Yet for all this Campion tacks cannily, pulling back from the danger zones she skirts. It comes as no surprise that Abbie Cornish’s Fanny Brawne takes a craftsman’s pride in her “triple-pleated mushroom collar,” or that she never wears the same outfit twice. (She was not Beau Brummel’s niece for nothing.) It was even predictable, perhaps, that Brawne, Keats’s “minxstress” who is the real center of Bright Star, would become one of Campion’s strong, complicated women. Brawne’s sewing, Campion is on record as saying (with all due feistiness), is “a metaphor for women’s lives: nobody gives a damn.” The hostility to Brawne’s craft to which Campion refers emerges in Bright Star not from Keats, though he is much less interested in her craft than she is in his. The hostility erupts instead from the third person in the triangle, Charles Armitage Brown (played to the hilt by Paul Schneider in a broad Scots burr and preposterous tartan trews), who is both protective of Keats and proprietary about his poetry. Brown, not Keats, is the aesthete in Bright Star, valuing vocation over matrimony and high art over life, life as the enemy of promise. Bright Star encourages our belief that Brown’s solicitude for Keats and hostility to Brawne is not motivated solely by her potential to derail Keats’s career. Brown at all events is oafish, glowering, smoldering, and overbearing. Every one of his absences from the screen, however brief, comes as a relief. Even so, it is not Ben Whishaw’s Keats, who quivers and bristles but stays shy and limpid, but instead Brown in one way, and Toots in another, who see to it that Cornish, an extraordinarily good film actress, doesn’t steal the show entirely.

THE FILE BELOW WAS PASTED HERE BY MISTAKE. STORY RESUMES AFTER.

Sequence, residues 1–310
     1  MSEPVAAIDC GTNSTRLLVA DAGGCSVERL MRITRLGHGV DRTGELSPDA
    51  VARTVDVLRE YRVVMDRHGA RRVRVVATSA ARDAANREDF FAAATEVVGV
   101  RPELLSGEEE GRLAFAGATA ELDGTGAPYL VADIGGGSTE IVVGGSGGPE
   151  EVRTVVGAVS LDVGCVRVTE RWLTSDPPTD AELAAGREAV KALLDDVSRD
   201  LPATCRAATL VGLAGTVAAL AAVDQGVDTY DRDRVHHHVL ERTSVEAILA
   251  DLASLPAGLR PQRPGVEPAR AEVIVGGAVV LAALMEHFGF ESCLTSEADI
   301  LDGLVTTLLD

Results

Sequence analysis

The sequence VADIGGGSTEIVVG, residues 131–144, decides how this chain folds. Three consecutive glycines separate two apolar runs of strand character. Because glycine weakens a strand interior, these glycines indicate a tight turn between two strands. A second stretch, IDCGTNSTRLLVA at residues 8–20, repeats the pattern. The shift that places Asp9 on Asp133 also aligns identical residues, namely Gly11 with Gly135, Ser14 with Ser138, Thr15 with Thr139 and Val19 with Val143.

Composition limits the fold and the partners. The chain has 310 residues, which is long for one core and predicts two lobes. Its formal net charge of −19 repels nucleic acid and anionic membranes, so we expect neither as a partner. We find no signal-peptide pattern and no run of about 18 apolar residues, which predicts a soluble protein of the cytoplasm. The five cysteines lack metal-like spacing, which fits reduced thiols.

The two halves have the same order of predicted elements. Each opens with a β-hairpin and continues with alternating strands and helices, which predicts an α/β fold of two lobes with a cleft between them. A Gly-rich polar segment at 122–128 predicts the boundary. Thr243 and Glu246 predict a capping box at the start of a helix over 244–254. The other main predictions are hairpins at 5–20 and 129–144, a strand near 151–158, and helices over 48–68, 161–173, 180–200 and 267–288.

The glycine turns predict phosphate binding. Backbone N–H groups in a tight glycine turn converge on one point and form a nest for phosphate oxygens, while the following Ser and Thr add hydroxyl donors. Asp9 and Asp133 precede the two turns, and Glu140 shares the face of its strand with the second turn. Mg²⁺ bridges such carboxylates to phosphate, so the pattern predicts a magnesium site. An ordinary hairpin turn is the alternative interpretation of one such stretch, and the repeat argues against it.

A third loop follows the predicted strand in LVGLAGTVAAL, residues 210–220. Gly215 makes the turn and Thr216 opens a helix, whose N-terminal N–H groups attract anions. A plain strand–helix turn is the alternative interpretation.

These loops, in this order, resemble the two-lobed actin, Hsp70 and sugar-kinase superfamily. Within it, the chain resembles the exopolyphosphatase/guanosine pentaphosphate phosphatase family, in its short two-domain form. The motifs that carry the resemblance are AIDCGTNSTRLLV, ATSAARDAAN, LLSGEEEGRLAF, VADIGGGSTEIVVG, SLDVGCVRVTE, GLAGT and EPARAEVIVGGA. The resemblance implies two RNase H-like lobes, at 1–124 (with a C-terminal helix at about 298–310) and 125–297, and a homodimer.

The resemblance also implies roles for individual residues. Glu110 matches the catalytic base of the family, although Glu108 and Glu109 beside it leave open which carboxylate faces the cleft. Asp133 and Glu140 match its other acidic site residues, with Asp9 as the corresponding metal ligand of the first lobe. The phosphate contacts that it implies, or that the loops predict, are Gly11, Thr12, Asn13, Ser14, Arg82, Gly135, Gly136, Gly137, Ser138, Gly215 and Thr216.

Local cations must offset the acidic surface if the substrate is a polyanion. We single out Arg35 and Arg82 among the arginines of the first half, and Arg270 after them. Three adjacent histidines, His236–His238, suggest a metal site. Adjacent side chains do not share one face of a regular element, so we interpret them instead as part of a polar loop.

Conviviality, tension, peacefulness Bright Star. © 2009 Pathé Productions Limited, Screen Australia, British Broadcasting Corporation, UK Film Council, New South Wales Film and Television Office and Jane Chapman productions pty Ltd. DVD: sony pictures Home Entertainment.

But Campion awards Brown’s tussle with Brawne pride of place. Early on in the film, incensed by one of his slurs about her fashionista tendencies, Brawne flatly and disconcertingly refuses to shake hands with Brown at Wentworth Place, and the friction established here is never resolved. To the extent that Keats plays no part in the tart-tongued banter between these protagonists, he is displaced—and the idea of Keats as a character in a film rather than its centerpiece has proven too much for some of his champions among the literary professoriat, notably Christopher Ricks in the New York Review of Books (see “Undermining Keats,” December 17, 2009). I cannot agree with Colin MacCabe in the pages of this journal (fall 2009) when he claims that Keats’s poetry “gets in the way of” Bright Star. Campion uses the poetry sparingly to punctuate, and more rarely (and perhaps unfortunately), to illustrate the film, not the film the poetry. The poetry she works into Bright Star, that is to say, is never central to it, and this is enough to ruffle the feathers of Ricks, for whom “the question is whether Campion’s imagination mines Keats’s art or undermines it.” This stark way of posing “the” question leaves Bright Star high and dry, and leaves Ricks seething with indignation at a Keats dislodged from the position of centrality he ought to occupy in any film where he appears. Ricks tells us of a panel discussion of Bright Star held under the auspices of the Keats-Shelley Association of America. One can only shudder to imagine what this discussion was like, if “Undermining Keats” is anything to go on. Ricks regards Bright Star as “the condescending granting of pictorial assistance to words that were designed to stand in no need of support from a sister art.” One might suspect, however, that the condescension is all Ricks’s, when he loftily disdains Bright Star‘s “fatuous supplementation” of Keats, and declares the film guilty of “an infidelity to his manners, his voice, his humors, and his art.” Not only is this, in my opinion, precious beyond belief; Ricks, for all the force of his speculations about “visualization,” appears not to notice what is going on in Campion’s film. Charles Armitage Brown is not so much as mentioned in “Undermining Keats.” Perhaps Brown is a little too close to the bone for Ricks?